The news came at the Karon Municipality Office today (July 17), where parasail operators began their mandatory safety review and training as ordered by Phuket Governor Norraphat Plodthong on Friday (July 14). (See story here.)
The safety review was ordered in after death of 70-year-old Australian tourist Roger Hussey in a fall at Kata Beach last Wednesday (July 12) made international headlines.
Mr Hussey plunged some 70 metres into the water below at Kata Beach after his harness somehow became unclipped from the parasail suspension lines.
The parasail rider, Rungroj Rakcheep, and the speedboat owner and driver, Montiean Jandang, were both charged with recklessness causing death over the incident. (See story here.)
Gov Norraphat today reiterated that the “ban” at Kata and Karon was elective on the part of the parasail operators.
“I don’t think they will be banned, they just have to follow the safety rules. We have only ‘asked’ them to not provide rides for now,” Governor Norraphat told The Phuket News.
Winai Chitchiew, who serves as Kamnan (Subdistrict Headman) for Kata-Karon and today represented the local parasail operators, noted the the self-imposed ban may last as long as three weeks.
“Any safety guidelines drawn up as the result of this review and training will be handed down to the Kata and Karon parasail operators to observe,” Mr Winai assured.
“I will write up the rules and standards and submit them to the Army as quickly as possible so they can ratify them to become regulations,” he explained.
“All parasail operators at Kata and Karon must carry out full checks of their equipment, and upgrade them where necessary. Also, the Army must give their approval. This may take up to three weeks. During that time the local operators have agreed not to provide any parasail rides,” he added.
Leading the safety checks of equipment today was Maj Prasert Saythongtae, Chief of Special Warfare at Sichon Camp, Royal Army Region 4 in Nakhon Sri Thammarat.
Maj Prasert made it clear that parasail operators should use harness clips that include cloth fasteners that prevent clips from opening simply by pressing on the latches.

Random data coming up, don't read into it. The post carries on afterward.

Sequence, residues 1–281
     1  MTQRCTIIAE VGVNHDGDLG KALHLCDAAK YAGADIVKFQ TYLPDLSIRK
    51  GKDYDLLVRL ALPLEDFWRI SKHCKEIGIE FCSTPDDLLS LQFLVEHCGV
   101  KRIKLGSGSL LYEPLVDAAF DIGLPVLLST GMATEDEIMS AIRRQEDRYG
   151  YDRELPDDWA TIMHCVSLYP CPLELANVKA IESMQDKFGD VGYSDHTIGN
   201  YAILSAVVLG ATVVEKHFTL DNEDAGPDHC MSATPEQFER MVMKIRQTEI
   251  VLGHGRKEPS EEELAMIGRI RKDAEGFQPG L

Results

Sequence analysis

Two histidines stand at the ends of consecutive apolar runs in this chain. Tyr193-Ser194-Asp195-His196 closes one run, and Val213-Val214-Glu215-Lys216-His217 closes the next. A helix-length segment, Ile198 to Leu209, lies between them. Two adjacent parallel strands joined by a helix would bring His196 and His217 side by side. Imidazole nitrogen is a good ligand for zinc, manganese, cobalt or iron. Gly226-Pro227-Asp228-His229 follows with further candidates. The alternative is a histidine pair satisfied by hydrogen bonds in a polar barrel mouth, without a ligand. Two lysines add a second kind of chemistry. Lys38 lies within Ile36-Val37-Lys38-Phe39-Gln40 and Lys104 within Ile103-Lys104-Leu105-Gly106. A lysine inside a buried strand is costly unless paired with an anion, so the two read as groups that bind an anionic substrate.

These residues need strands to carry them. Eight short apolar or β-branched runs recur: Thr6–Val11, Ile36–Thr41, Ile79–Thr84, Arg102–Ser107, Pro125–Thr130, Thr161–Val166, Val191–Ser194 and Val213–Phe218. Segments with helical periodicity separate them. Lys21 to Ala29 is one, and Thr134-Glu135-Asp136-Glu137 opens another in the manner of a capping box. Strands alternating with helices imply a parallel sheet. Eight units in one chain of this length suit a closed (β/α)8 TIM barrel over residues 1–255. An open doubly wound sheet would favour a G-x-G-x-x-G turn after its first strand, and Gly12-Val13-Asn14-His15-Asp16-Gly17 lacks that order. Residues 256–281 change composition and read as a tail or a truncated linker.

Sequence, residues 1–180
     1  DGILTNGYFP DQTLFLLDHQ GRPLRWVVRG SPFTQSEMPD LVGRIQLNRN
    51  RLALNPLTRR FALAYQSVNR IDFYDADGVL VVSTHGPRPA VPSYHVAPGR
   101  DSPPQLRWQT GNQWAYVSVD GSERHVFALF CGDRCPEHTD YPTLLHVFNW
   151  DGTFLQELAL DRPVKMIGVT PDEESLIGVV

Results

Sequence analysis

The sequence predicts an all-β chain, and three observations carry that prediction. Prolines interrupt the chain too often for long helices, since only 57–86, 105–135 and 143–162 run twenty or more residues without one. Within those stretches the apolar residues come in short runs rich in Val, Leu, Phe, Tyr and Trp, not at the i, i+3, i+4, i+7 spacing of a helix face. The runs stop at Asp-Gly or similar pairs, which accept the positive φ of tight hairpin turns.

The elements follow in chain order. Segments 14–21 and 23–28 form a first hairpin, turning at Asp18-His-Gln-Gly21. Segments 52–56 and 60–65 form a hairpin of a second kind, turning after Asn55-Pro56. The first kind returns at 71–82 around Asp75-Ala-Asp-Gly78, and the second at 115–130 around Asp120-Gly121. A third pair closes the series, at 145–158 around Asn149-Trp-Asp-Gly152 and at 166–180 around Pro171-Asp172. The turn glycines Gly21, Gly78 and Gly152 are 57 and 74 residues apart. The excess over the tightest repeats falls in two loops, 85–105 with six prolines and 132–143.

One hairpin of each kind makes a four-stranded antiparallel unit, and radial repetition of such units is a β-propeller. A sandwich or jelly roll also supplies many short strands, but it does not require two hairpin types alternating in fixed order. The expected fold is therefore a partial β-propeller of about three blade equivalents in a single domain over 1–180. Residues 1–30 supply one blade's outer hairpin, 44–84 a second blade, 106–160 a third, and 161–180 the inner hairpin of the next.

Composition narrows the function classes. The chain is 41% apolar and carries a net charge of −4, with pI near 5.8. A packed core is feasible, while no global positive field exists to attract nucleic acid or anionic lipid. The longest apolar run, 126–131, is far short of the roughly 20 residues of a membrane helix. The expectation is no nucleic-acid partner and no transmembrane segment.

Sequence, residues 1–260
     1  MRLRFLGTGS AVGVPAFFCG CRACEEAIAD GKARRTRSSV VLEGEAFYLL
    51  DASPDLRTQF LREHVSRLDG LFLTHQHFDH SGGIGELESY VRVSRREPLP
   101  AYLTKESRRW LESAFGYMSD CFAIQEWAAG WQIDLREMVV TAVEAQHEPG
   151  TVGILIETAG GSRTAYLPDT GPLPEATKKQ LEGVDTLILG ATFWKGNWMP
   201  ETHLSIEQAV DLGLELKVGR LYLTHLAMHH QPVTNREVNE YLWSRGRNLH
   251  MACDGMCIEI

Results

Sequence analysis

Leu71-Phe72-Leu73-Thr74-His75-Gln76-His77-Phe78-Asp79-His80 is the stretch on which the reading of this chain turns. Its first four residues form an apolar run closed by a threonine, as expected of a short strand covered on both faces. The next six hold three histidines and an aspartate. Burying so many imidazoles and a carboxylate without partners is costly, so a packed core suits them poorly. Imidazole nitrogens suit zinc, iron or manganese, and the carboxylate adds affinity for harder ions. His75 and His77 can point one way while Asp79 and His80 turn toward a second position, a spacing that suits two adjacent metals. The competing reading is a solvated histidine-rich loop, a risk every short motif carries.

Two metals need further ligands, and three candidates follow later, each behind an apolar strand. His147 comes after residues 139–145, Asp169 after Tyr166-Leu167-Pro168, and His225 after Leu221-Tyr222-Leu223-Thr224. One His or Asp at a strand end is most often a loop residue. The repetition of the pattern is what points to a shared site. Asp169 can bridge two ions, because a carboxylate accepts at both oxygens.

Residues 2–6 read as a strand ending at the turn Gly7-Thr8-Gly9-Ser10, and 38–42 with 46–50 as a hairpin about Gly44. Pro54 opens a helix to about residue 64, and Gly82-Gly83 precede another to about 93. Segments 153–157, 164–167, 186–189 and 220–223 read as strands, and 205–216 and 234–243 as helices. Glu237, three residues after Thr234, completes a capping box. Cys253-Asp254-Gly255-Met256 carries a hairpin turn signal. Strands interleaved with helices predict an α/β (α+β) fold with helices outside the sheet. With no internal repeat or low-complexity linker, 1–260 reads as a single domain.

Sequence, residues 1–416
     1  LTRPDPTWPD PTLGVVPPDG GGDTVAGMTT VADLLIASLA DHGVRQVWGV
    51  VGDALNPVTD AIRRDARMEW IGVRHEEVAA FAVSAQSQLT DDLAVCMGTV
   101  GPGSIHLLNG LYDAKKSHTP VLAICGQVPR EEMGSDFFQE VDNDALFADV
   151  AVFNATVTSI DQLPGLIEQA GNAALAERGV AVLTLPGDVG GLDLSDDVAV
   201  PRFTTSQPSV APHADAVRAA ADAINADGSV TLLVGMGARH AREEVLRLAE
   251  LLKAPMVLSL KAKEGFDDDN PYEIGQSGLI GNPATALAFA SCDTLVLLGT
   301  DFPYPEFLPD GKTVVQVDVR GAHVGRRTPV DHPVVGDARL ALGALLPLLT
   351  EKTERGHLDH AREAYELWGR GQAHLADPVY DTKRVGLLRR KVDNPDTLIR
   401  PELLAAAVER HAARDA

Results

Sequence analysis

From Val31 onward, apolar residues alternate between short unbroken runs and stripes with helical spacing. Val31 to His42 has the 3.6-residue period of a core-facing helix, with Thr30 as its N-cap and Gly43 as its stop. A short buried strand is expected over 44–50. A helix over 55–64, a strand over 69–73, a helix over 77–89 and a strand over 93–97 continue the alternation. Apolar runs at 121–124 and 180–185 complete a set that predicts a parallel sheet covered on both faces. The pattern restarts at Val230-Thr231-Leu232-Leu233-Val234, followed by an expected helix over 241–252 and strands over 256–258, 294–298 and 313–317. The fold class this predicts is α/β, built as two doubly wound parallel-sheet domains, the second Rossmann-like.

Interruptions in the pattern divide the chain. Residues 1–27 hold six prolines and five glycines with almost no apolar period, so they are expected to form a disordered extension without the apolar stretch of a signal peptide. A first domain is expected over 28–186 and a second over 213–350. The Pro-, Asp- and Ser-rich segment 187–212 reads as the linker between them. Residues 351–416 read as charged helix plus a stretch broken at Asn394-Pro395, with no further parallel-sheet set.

To illustrate his point, he inspected the harness Mr Hussey was wearing when he fell some 70m into the water at Kata beach last Wednesday. He showed how the clips on that harness could be opened simply by pressing on them.
Maj Prasert also pointed out that all equipment used to provide parasail rides must first be approved for use, and that all equipment must be replaced at the earliest signs of wear.
This afternoon, parasail operators at all major Phuket beaches were to present to officials from the Phuket Marine Office a full list of all the boats used for providing parasail services.
The list of operators to be included are those working at Patong, Kata, Karon, Kamala, Nai Thon, Bang Tao beaches and those working at any locations within Rawai subdistrict, which includes Coral Island and the two Racha islands to the south of Phuket.
Asked what other checks would be carried out by the Phuket Marine Office, Phuket Marine Chief Surat Sirisaiyad declined to comment.
“Next, the experts from Royal Army Region 4 will report to me on the safety checks they have conducted; that will take time,” Governor Norraphat told The Phuket News.
Asked whether any deadline had been set to complete all the checks, Governor Norraphat said, “We can’t confirm yet. All parasail equipment must be approved by Royal Thai Army Region 4, but because it will take time to check all the equipment, to buy new equipment and check the boats, we have to be careful and have to be effective in working together.”
“Also, we have yet to draft a standard health form for customers wanting to take a parasail ride. We must talk about that further,” he added.